Nebraska Wheat Board Executive Director Royce Schaneman says the yields, test weights and protein levels all vary depending on what part of the state you’re in.
“The southeast part of the state tended to be a little drier than normal this season,” he says. “Their yields were a little lower, averaging in the mid-30s. Proteins there were a pretty strong, probably in the 11-to-12 range.”
Schaneman says western Nebraska has seen the best yields so far this season.
“We’ve seen everything from the 30-bushel range up to 80 bushels per acre,” he says. “We’ve got that variation but most of the yields so far are averaging in the mid-40s and proteins again are all over the board.”
Schaneman says protein levels have ranged anywhere from 7 to 17 percent. He also says this year’s crop appears to be in better shape than the last couple of harvests.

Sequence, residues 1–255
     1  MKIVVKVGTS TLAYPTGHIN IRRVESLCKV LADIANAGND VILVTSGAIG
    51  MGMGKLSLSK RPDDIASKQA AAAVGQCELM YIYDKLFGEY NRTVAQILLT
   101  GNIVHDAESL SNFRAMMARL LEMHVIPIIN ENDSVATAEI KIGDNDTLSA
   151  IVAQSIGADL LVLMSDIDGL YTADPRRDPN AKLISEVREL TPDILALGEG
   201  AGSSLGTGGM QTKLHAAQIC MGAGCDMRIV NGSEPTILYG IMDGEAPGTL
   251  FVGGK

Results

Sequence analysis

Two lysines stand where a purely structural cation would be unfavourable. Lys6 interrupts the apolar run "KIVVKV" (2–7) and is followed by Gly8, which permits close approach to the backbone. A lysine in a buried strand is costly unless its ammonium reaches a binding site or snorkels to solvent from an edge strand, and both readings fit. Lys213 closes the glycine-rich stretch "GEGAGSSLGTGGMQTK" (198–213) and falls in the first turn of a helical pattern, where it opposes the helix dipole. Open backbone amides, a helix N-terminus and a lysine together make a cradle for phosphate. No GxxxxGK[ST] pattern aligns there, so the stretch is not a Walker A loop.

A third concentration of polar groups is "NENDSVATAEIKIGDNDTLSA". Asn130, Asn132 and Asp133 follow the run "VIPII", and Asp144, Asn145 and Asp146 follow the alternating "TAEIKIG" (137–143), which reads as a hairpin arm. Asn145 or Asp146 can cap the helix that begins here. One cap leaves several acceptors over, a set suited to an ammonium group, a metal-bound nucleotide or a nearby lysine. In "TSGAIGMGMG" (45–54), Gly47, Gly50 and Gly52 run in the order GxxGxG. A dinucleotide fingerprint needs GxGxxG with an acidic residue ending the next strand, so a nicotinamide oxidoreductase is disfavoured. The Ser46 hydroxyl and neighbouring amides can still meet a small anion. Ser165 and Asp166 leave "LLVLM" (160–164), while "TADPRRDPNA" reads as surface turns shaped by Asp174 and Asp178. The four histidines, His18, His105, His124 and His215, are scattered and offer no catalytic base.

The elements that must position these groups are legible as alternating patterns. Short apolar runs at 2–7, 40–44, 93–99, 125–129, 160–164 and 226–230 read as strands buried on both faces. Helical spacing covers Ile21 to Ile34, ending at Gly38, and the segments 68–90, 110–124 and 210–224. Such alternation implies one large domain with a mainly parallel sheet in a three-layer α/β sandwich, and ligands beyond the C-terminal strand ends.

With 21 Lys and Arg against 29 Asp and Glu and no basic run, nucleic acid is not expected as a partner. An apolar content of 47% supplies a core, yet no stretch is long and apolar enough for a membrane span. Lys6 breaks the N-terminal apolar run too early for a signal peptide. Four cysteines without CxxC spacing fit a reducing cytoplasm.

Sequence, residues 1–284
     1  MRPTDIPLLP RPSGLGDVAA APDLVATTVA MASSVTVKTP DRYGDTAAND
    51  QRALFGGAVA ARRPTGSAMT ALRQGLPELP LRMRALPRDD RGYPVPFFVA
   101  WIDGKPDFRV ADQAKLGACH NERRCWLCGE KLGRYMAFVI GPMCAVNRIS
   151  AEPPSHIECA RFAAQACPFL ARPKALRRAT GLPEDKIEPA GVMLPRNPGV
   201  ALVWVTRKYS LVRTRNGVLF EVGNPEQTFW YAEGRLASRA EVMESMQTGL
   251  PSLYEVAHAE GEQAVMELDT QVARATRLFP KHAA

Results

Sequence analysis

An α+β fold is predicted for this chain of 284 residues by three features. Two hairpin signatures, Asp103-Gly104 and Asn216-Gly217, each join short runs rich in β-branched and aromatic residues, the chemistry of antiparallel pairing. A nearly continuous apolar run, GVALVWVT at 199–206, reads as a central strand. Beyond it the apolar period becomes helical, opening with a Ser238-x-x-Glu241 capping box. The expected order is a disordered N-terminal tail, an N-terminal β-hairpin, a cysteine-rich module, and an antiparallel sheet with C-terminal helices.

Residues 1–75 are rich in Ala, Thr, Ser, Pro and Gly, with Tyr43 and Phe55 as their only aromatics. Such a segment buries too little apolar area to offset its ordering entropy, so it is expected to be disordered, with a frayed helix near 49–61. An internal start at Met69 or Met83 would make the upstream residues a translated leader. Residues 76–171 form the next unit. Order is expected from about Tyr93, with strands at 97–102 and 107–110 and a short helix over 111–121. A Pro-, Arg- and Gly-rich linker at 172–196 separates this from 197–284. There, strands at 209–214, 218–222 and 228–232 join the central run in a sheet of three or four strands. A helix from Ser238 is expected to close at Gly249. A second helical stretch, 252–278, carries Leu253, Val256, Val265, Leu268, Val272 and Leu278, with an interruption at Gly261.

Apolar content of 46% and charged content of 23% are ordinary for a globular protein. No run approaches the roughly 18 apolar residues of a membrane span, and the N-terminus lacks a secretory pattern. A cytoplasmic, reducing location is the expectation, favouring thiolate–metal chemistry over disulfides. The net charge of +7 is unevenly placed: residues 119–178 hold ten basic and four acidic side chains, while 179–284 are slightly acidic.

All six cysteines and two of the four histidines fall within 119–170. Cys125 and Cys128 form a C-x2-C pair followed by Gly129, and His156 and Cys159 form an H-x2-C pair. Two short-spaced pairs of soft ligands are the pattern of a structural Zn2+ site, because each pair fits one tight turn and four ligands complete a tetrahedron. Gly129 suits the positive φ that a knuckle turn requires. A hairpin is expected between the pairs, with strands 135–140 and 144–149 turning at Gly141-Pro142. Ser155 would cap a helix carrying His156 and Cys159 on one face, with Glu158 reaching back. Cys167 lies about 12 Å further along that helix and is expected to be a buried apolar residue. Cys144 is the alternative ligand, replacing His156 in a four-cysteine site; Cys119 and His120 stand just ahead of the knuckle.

“Compared to years past, it looks like a pretty decent crop,” he says. “Yields should come in pretty close to average, that mid-40s, and our proteins should be up a little bit from what we’ve had the last couple of years. We’re hoping. We’ve still got a lot of wheat to cut but right now, maybe an average protein would be in that 10.5 to 11 range.”
Schaneman says one thing growers in the west will have to contend with is stem saw fly populations that are higher than normal. He hopes they’ll get the rest of the wheat out before there’s any lodging problems.
By Jerry Oster, WNAX, Yankton